Louise Taylor of Anthony Gold Solicitors talks about her pro bono work with Centre 70 Legal Advice Clinic.

What is the name of the scheme which you participate in and what does it entail?

Centre 70 Legal Advice Clinic, which is a free legal advice clinic co-ordinated by Centre 70 and led by volunteer advisers (either practicing or retired solicitors or barristers). I am a volunteer ‘paralegal’ (an unqualified assistant) at the clinic and the clinic runs every Monday evening from 19:00 to 21:00 and is by appointment only. I volunteer there about once a month. Each adviser usually sees four people, with a 30 minute slot each. We provide advice on all sorts of issues, both legal and non-legal, spanning from housing queries to family problems to consumer problems to issues with education to making complaints to various institutions. Sometimes the adviser will be advising on an area of law that they know well and sometimes some research will be required. Sometimes the advice is given on the day, sometimes letters will be drafted after the meeting. When I started volunteering there were no other paralegals and Centre 70 only wanted qualified solicitors. Through some persuading, I managed to convince them that paralegals would be of use, which I think we are, and I now co-ordinate the other paralegal volunteers.

What benefits do you think the scheme provides to those who receive the services?

In addition to simply the provision of advice to the individuals who we see, Centre 70 provides a welcoming, caring and supportive environment for those who visit it. This is particularly important for some of the more vulnerable clients that we see who may otherwise be put off from seeking advice. In my view, the current welfare system is failing precisely those it was designed to protect. It is essential that organisations like Centre 70 exist, both to provide legal advice from those seeking it and to support and assist individuals who need it with dealing with their day-to-day problems that they might otherwise struggle to cope with. The fact that we have a number of regularly returning clients(!) is indicative of the fact that Centre 70 operates as something a little bit more than just a provider of advice.

What benefits do you get from participating in the scheme?

From a professional development perspective, volunteering on the scheme provides me with excellent experience in interviewing clients and often necessitates research into areas of law that I am not familiar with. From a more philanthropist perspective, I see volunteering at Centre 70 as doing something practical (however small) to help vulnerable people in society who often lack the support that they need in other aspects of their life; this might be something very small indeed like writing a letter to their phone company to make a complaint and sending it to the right person.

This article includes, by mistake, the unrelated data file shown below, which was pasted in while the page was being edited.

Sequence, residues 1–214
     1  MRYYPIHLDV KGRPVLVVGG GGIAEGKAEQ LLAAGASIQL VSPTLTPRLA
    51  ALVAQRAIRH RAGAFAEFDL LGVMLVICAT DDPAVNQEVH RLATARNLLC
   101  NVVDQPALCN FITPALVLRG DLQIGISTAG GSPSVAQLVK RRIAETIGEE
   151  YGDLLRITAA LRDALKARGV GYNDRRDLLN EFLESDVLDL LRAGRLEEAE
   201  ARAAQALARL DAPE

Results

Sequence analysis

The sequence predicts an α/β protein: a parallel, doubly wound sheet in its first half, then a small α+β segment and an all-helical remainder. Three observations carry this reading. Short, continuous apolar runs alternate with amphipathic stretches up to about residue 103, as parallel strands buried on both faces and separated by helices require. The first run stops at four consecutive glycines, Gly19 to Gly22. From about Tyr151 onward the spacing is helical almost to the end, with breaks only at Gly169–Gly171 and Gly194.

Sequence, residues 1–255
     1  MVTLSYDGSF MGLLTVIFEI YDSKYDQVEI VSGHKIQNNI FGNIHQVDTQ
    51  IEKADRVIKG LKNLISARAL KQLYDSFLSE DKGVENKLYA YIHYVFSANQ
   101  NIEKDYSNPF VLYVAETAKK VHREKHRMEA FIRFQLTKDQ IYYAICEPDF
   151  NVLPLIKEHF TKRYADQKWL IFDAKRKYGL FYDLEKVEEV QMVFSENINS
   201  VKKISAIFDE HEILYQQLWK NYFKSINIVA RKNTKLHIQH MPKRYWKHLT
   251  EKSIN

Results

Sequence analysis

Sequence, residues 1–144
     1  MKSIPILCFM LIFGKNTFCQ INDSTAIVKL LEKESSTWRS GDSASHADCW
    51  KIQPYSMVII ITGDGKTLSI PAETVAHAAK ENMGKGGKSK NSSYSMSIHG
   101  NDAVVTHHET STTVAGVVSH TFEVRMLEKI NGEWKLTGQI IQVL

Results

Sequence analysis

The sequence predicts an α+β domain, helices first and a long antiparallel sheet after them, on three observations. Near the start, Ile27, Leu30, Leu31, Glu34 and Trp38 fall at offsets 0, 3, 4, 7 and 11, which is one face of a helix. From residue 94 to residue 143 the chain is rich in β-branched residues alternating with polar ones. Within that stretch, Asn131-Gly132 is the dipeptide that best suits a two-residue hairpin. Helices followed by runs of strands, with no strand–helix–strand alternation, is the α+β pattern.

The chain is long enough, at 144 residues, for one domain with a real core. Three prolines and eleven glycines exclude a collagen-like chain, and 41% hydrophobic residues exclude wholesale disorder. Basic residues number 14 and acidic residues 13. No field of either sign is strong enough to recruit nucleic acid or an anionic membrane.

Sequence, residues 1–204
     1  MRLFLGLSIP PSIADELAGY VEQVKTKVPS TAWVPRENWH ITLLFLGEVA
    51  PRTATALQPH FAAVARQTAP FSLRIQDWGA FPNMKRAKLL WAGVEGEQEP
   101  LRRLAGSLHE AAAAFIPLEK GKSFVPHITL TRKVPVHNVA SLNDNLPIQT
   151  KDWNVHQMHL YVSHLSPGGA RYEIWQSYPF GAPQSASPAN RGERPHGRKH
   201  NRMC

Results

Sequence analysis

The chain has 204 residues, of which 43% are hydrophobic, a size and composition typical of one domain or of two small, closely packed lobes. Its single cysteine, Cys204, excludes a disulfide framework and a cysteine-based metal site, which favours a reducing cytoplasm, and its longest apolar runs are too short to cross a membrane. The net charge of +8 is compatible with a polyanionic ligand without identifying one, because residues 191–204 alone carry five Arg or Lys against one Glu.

What do you enjoy about the scheme and what do you find challenging about the scheme?

I really enjoy volunteering at Centre 70, in part because it is a very well organised and fantastically run advice centre (and so I feel like the work I put in results in beneficial output for those we are advising) and in part because I enjoy meeting people from different parts of society to me and helping people. However, we only have limited time to see people and advise them and we do not take on clients’ cases for them. It can sometimes be quite difficult to balance providing useful advice assisting the client whilst not inadvertently taking on their case. In truth, volunteering can sometimes be quite a big time commitment when you are really busy at work but, if you try and approach it as another job, it becomes easier to time manage.

What is the importance for you in doing pro bono work and why would you encourage others to get involved?

The law is an extremely powerful tool that can be used, in the provision of pro bono advice, to help people - who do not otherwise have the resources or means - to obtain information about the law to obtain access to justice. In addition, the skills one acquires in the course of legal training: preparing a good argument, writing well and communicating effectively (amongst a plethora of others, I’m sure) are skills that are not so readily available to everyone. I believe strongly that I am privileged to have had the opportunity to acquire such knowledge and develop such skills and that I should utilise these tools to help other people.

Also, doing pro bono work provides insight into different areas of law, different areas of society and often necessitates one to think differently to how they might in their day-to-day job. I believe stepping outside of one’s comfort zone and learning new things is extremely beneficial for professional and personal development.

From an entirely individualist perspective, which is fine, everyone knows that, in order to progress in a fiercely competitive legal profession, we need do loads of extracurricular activities so you may as well help some people whilst you further your own career!